Player Movement Evaluation – Barry Sanders: Is he the greatest mover of all time?

Three years ago, I wrote a movement analysis that I had intended would start a trend on Football Beyond the Stats when I published a breakdown of an all-time great, Deion Sanders. In case you missed it then, here is that blog post:

Though it was well-received at the time, I greatly dropped the ball on keeping up with the all-time great movement breakdowns. That is, until now; I am looking to revive this series a bit! Because of that, the other night I asked for suggestions from my Twitter followers as to whom they wanted to read about. When all was said and done, it was no surprise that quite possibly the most masterful mover NFL Sundays have ever seen (at the very minimum the most agile), Barry Sanders, was overwhelmingly the player people were looking to understand more fully. The all-time great running back received 12 votes whereas the next closest was Randy Moss and Deion Sanders both with 3 nods (and of course I had already done an analysis on Deion).

Admittedly, this was both good and bad for me! Thing is, if you have followed my blog posts for any length of time, you may have read about Barry on BTS before…maybe even more than once. In fact, over the years, I have routinely used Barry as the prototype of movement mastery in the league; someone who personified my five characteristics of movement skill (ownership, optimization, virtuosity, efficiency, and effectiveness).

So, the good: I have already watched virtually every play of Barry’s NFL career and have studied it with a fine tooth comb. At game-speed and in slow motion, from a sideline view to an end zone view and every view in between; you name it, I’ve dissected it. Because of this, I don’t know any player’s movement strengths & weaknesses better than #20’s. But, with that also comes the bad: because of the respect and admiration I have for Barry’s movement skill, I cannot screw this one up! Additionally, even though I have seen every play of Barry more times than I like to admit for the sake of my social life, every time I see a play again, something new pops out to me about how he went about solving the movement problems he is facing on the field. He was truly that special and there will never be another quite like him. But, enough of the praise let me try to peel back the layers for you and show you Barry Sanders like you’ve never seen him before.

Before we go any further, I want to share a few Barry highlight videos which will likely illustrate his movement greatness better than I will be able to do in my explanation:

(Note: In my opinion, this video couldn’t be done more appropriately to match Barry’s style!)

Even though you just watched those, I will still contribute (that is what you came here for, right? Ha!) my thoughts regarding what I see through all of that.

How the heck did he get this way?!

More times than I can count, as a Football Movement Coach/Personal Performance Advisor for players, I have asked myself the obvious question when watching Barry: “how did he get this masterful?!” This is a question that boggles my mind because I want to be able to create similar athletes of mastery in this day and age of the game and I owe it to my athletes to pursue its answer. Though I don’t think anyone can ever truly say for sure how it occurred, I will definitely try to speculate and offer my hypothesis for you all.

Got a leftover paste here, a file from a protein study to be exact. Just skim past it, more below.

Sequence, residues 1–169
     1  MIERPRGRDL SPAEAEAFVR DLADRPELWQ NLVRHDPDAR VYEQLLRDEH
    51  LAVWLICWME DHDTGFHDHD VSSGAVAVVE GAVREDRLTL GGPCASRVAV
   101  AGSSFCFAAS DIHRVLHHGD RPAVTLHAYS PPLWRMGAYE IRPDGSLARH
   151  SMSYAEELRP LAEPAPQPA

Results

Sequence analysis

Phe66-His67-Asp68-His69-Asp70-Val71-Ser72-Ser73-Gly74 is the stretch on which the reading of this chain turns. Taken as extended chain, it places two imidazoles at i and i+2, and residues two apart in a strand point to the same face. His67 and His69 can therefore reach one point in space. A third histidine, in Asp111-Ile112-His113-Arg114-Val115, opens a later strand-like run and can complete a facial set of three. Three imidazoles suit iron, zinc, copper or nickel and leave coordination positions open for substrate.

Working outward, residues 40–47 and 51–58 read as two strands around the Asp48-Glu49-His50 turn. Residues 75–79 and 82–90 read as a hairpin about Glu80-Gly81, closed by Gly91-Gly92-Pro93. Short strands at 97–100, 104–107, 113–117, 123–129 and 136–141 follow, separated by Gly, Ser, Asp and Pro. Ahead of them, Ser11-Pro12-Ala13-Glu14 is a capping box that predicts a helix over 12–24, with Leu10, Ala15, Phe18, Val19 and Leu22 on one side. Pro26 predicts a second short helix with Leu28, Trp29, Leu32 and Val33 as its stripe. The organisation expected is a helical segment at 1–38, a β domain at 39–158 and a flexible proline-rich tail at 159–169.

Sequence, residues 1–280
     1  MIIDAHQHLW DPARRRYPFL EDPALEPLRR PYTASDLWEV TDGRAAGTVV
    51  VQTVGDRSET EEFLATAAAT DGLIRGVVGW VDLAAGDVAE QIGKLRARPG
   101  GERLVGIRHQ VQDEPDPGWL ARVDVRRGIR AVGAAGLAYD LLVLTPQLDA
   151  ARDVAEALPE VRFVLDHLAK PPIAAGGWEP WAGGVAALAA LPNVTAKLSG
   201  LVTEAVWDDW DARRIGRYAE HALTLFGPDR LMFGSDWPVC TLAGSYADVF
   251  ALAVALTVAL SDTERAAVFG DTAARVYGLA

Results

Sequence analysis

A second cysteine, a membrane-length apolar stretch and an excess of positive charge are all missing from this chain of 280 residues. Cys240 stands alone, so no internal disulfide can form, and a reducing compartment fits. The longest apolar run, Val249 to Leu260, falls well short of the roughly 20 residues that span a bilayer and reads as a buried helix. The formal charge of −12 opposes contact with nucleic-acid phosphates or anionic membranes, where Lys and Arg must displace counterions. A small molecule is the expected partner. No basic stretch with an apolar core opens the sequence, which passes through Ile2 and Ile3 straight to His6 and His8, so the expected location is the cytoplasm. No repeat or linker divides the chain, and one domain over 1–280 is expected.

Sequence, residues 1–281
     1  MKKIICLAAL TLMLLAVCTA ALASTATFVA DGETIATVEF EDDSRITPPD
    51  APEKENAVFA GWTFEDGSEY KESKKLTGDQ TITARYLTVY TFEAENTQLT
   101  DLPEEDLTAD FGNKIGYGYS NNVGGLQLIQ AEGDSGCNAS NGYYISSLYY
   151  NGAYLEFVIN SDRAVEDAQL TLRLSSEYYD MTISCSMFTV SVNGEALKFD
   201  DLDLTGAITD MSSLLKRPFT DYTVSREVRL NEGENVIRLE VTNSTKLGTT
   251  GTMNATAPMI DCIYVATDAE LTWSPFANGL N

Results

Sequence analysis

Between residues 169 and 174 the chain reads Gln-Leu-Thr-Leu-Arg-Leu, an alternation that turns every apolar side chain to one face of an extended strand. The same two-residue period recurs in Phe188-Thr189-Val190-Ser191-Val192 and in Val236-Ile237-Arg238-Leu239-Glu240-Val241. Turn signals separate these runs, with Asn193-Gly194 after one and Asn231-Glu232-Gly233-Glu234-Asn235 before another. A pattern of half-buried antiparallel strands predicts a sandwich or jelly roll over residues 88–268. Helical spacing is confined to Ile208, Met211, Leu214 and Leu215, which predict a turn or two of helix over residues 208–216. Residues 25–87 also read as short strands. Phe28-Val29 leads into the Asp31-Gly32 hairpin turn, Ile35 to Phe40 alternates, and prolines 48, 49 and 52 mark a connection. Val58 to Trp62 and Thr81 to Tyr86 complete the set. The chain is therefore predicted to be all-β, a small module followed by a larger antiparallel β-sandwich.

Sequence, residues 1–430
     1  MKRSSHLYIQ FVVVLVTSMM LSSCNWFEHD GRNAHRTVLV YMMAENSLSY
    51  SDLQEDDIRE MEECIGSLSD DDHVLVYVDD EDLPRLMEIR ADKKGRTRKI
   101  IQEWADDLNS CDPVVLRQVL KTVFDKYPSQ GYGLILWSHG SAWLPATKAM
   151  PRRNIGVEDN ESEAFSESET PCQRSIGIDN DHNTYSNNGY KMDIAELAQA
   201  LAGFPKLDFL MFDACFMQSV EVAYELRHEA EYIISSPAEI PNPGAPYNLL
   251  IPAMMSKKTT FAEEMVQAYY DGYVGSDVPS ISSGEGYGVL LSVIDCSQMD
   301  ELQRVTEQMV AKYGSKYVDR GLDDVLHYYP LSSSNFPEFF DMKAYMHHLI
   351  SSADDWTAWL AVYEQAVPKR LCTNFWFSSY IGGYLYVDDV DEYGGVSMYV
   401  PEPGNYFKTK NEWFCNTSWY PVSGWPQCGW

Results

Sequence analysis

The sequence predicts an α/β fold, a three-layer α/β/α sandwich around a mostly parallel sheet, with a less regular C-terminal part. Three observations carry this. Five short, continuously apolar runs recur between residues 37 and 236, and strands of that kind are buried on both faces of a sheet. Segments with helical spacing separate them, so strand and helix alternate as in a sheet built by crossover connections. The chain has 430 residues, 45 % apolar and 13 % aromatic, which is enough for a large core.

Let me start by bringing up the best RB of the last decade, Minnesota Viking, Adrian Peterson. This mention isn’t because Barry and AD28 are similar in their movement skills and traits (they are quite contradictory in how they solve problems) but instead because of an example I believe Adrian creates that we can use to describe the emergence of Barry’s movement patterns too.

Throughout last year’s blog writing, most notably in my end of the year All-Movement Team (, I claimed that I felt as though Adrian’s movement skill-set in 2015 were a tremendous real-life example of the Dynamical Systems Theory (or Ecological Psychology) at-hand. This was because last year was really the first time in Adrian’s career that I could recall him consistently gravitating to the utilization of certain movement strategies and certain biomechanical solutions such as the use of a deeper/wider COG/BOS (center of gravity and base of support) and an outside foot power cut (as opposed to a crossover or jump cut) and I believe this happened because in his first full year of being in Norv Turner’s offense the environmental and task constraints often required him to be one-on-one in more open space with more athletic individuals (DB and OLB) than he had when most of his past work occurred predominantly between the tackles.

When I watch and marvel at Barry’s movement skills, I can’t help but think this is a more extreme long-term example of the Dynamical Systems Theory/Ecological Psychology taking root in evolution of the movement lifecycle for an athlete over the course of his career. What do I mean by this? Well, when we look at Barry’s storied career at Oklahoma State, we don’t see nearly the same types of movement solutions as he was required to pull out of his movement toolbox once he got to the NFL and blocking wasn’t so much at a premium any longer on his often OL-deficient Detroit Lion teams. Thus, every game (and also likely every practice or scrimmage) became one big learning environment for his movement landscape to evolve from. His behaviors (where he looked & when, what he felt, etc), his brain (decision making), and his biomechanics (the agile motor execution that we watch and shake our heads at) had to become much more attuned to the problem to keep him from getting his head taken off. From this he learned affordances for action and what he was capable of under the constraints involved in the most chaotic of ways possible.